Maximize Your Day: What's the Best Way to Work When You're Overworked? When there aren't enough hours in the day, should you work late or get up early? start-up, entrepreneur, side business, small business, start-up launch, going proNEW YORK ( TheStreet) -- Whether you're a busy executive juggling a demanding work schedule or an aspiring entrepreneur with a business to get off the ground, more often than not there just aren't enough hours in the day. Although it would be nice to get everything accomplished between 9 a.m. and 5 p.m. each day, when that can't happen we're forced to choose between being up with the sun or burning the midnight oil. No matter your career or business goals, experts say there is a smarter way to work when you're overworked. Check out best strategies for your busy days. If you're a busy executive ... "If it's not on your calendar it's not going to get done," says Steven Raz, co-founder and managing partner at executive search firm Cornerstone Search Group. "You are always going to get pulled in different directions, but if you block off two or three hours a couple of days a week just for administrative duties or processing your email backlog, then you'll ensure that those things get done." Busy executives also have to learn to maximize every moment of their work day -- even on their daily commute or on a business trip, Raz says. "There is no clock on your day. There is no 9-to-5," Raz says. "If you're traveling on a plane, in a car service or on a train and you have a little bit of time to focus, you've got to be working." Many executives embrace the power of early office hours to accomplish more than they can when surrounded by co-workers, Raz says. "I like to get into the office early, around 7, about an hour and a half before everyone starts getting in at 8:30. I find that I can get two to three times the amount of work done than I could in a normal hour-and-a-half stretch in the middle of the day," Raz says. "Those morning hours are critical for responding to emails, doing proposals or other things that have to happen with minimal distraction."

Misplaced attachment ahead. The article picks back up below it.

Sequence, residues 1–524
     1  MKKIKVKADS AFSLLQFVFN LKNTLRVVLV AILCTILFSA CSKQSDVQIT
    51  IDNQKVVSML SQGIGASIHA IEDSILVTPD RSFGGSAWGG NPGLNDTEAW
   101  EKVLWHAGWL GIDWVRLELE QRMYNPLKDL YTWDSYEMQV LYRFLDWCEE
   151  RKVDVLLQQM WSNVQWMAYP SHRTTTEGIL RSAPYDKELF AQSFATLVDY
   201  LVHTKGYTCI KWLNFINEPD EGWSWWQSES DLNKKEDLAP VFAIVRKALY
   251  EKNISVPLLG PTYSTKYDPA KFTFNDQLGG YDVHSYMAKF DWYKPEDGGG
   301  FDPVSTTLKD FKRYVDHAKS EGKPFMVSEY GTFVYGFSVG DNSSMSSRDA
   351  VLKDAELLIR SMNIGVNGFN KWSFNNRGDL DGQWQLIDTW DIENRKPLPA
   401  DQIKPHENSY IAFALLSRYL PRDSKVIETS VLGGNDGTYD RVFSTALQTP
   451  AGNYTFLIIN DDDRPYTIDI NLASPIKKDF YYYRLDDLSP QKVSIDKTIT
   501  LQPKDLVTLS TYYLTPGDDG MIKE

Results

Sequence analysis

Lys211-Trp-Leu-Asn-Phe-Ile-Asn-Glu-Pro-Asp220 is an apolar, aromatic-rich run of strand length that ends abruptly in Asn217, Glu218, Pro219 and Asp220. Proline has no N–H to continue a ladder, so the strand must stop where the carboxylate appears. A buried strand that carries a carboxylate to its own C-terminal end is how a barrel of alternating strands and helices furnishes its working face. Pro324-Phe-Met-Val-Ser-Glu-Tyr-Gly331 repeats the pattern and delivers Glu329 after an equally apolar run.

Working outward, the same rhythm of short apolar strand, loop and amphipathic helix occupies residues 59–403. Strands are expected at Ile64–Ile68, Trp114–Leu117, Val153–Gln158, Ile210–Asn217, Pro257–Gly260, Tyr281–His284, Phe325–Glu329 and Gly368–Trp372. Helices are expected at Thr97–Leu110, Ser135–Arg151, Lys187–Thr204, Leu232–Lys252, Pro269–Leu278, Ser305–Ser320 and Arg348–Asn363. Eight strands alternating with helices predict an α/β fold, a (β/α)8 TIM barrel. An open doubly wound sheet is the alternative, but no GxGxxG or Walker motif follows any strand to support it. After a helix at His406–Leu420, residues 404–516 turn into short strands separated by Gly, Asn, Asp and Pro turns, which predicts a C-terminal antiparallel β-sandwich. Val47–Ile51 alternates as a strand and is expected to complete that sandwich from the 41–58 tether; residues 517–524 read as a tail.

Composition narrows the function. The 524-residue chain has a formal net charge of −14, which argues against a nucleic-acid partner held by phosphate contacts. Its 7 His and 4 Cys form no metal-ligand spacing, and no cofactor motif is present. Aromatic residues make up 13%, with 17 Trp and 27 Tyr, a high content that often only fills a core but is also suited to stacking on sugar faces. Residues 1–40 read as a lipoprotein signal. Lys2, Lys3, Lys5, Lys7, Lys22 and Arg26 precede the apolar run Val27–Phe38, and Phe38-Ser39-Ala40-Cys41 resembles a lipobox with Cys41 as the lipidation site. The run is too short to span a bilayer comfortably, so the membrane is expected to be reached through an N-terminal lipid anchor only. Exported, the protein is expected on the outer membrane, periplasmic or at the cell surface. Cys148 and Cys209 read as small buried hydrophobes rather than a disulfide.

If you're unsure when you might have the least distraction in your day, ActionCoach business coach Kevin Weir says to take an "inventory" of when you're the most productive. "Ask yourself, 'What time of the day does that typically happen?'" Weir says. "Some people are never going to be effective individuals getting up at 5:30 and being in the office by 7:30. If you have the ability, change your work and sleep patterns for 14 to 21 days to the earlier times and measure your effectiveness compared to working the later hours."
"Entrepreneurship gives you freedom -- the freedom to choose which 80 hours a week you want to work -- and that's the key. Opportunities and challenges do not arrive neatly packaged to suit your timeline. They come messy and loud and at the most inopportune times. I say buckle up, deal with it and get used to burning both ends of the candle." For small-business owners, late nights may be a "little less attractive" for working than early mornings, just because there is no "sleeping in" for most entrepreneurs, Raz says. "People are human. If your day starts early, by 9 p.m. or 10 p.m., you're really tired," he says. "Sleep is one of the most important things for your body, and five or six hours of sleep is much better than one or two hours of sleep. Many times it's better to go to bed at 11:30 p.m. and wake up at 6 a.m. than it is to stay up until 2 a.m. and sleep until 8 a.m."
Knowing when it's time to "put it to bed" may be difficult, but Raz says if your eyes start closing, it's time to call it a night. "If you have to re-read the same line a few times, that's a sign. You're not a machine. When you start getting exhausted say, 'I'm not trying to be a hero. Let's resume this tomorrow.'"